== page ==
Purple Line Federal Funding Could Be in Jeopardy Under Trump’s Budget Plan
The president's budget outline states only projects with grant agreements in place can receive federal funds-the Purple Line's hasn't been signed
A rendering of a Purple Line station
Maryland Transit Administration
Updated – 12:30 p.m. – President Donald Trump’s proposed budget could prevent the Purple Line from receiving the $900 million in federal funds that state officials have long planned to spend on the project.
Trump’s budget outline released Thursday includes a line that states only transit projects “with existing full funding grant agreements in place” will receive federal funds under the Federal Transit Administration’s “New Starts” program.
About $900 million from that program had been requested for the Purple Line, but the full funding grant agreement has not been signed due to an ongoing lawsuit. The agreement was scheduled to be signed Aug. 4, but was delayed indefinitely after U.S. District Court Judge Richard Leon revoked the project’s federal approval the day before.
"We won't know if there's an impact to the Purple Line until a final budget is passed by Congress and the appropriations process is complete," Erin Henson, a spokeswoman for the Maryland Department of Transportation, said in an email Thursday.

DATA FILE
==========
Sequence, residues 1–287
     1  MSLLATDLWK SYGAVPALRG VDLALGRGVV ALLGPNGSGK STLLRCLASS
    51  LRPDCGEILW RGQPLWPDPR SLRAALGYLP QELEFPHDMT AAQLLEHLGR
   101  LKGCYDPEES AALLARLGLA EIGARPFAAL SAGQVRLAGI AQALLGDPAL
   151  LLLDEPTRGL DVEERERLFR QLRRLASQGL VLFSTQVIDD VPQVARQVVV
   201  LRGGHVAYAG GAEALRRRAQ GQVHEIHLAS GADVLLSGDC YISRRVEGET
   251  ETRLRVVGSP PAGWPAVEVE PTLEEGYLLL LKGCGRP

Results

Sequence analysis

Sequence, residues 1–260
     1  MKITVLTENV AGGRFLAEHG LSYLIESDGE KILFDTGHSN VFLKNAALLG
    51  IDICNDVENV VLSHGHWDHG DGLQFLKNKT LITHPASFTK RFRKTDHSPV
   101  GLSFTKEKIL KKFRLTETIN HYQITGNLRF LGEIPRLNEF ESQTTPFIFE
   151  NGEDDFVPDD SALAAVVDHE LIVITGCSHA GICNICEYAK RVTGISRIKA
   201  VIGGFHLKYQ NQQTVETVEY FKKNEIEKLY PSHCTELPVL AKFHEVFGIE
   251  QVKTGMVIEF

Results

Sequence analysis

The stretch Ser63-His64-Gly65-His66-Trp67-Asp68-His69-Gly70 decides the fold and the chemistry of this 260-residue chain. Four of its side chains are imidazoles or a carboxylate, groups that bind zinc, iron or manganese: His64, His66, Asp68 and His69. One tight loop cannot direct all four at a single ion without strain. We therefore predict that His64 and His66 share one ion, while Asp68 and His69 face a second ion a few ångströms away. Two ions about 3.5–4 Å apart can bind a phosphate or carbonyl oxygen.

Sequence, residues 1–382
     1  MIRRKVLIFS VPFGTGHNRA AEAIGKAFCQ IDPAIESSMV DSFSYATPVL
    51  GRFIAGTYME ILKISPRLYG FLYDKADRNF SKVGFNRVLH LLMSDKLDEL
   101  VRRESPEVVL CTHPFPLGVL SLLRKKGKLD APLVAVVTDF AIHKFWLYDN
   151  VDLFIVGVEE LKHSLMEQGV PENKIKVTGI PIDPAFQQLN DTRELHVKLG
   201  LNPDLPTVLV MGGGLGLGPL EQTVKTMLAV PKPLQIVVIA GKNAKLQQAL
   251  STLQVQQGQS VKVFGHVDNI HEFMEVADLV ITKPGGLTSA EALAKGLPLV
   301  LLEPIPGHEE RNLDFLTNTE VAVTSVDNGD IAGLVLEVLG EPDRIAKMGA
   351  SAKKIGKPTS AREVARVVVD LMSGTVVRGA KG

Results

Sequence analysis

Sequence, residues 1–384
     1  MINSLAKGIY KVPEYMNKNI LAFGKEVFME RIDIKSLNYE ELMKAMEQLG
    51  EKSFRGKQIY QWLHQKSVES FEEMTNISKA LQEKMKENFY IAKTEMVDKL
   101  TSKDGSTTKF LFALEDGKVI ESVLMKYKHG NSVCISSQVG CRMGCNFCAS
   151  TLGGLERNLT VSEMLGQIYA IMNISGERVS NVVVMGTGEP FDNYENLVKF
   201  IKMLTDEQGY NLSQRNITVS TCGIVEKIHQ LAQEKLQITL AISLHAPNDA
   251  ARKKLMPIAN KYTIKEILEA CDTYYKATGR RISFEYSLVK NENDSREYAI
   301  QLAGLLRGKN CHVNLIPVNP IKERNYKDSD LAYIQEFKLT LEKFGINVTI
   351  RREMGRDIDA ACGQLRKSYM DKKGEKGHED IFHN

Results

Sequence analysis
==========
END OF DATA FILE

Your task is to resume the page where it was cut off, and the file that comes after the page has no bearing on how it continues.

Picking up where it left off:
Leon cited Metro’s ridership decline and safety issues in his decision. The lawsuit brought by two Chevy Chase residents and a trail advocacy group includes a number of questions about the environmental effects and projected ridership of the 16.2-mile proposed light-rail line that would connect Bethesda with Prince George’s County along an east-west route.
Montgomery County Council President Roger Berliner said Thursday a literal reading of Trump’s budget outline would indicate federal funds for the project could be eliminated.
“It’s fair to say that they’re certainly at risk at this moment in time,” Berliner said.
He added that he’s already reached out to Maryland Sen. Chris Van Hollen’s office for support. Berliner noted that Van Hollen’s office has informed him that Congress will likely pass a more bipartisan budget, that's different from what Trump is proposing.
Berliner also contacted Gov. Larry Hogan’s office, “to make sure they weigh in and we continue to have a united front fighting for this terribly important project.”
Hogan signed off on a 36-year, $5.6 billion agreement with Purple Line Transit Partners last spring that tasked the private team of construction and finance companies to design and build the Purple Line.
Construction was scheduled to begin on the project this winter, but also has been delayed due to the lawsuit. The federal government already appropriated $203 million toward the Purple Line in previous years, with future appropriations planned in later years.
The proposal in Trump’s budget outline on transit projects appears to be counter to his campaign promise to invest $1 trillion into infrastructure improvements in the United States.
The Purple Line was listed among 50 infrastructure projects reportedly prioritized by Trump’s transition team.
However, Trump’s budget outline says, “Future investments in new transit projects would be funded by the localities that use and benefit from these localized projects.”
A screenshot from Trump's 2018 Budget proposal via Whitehouse.gov. Highlighting by Bethesda Beat.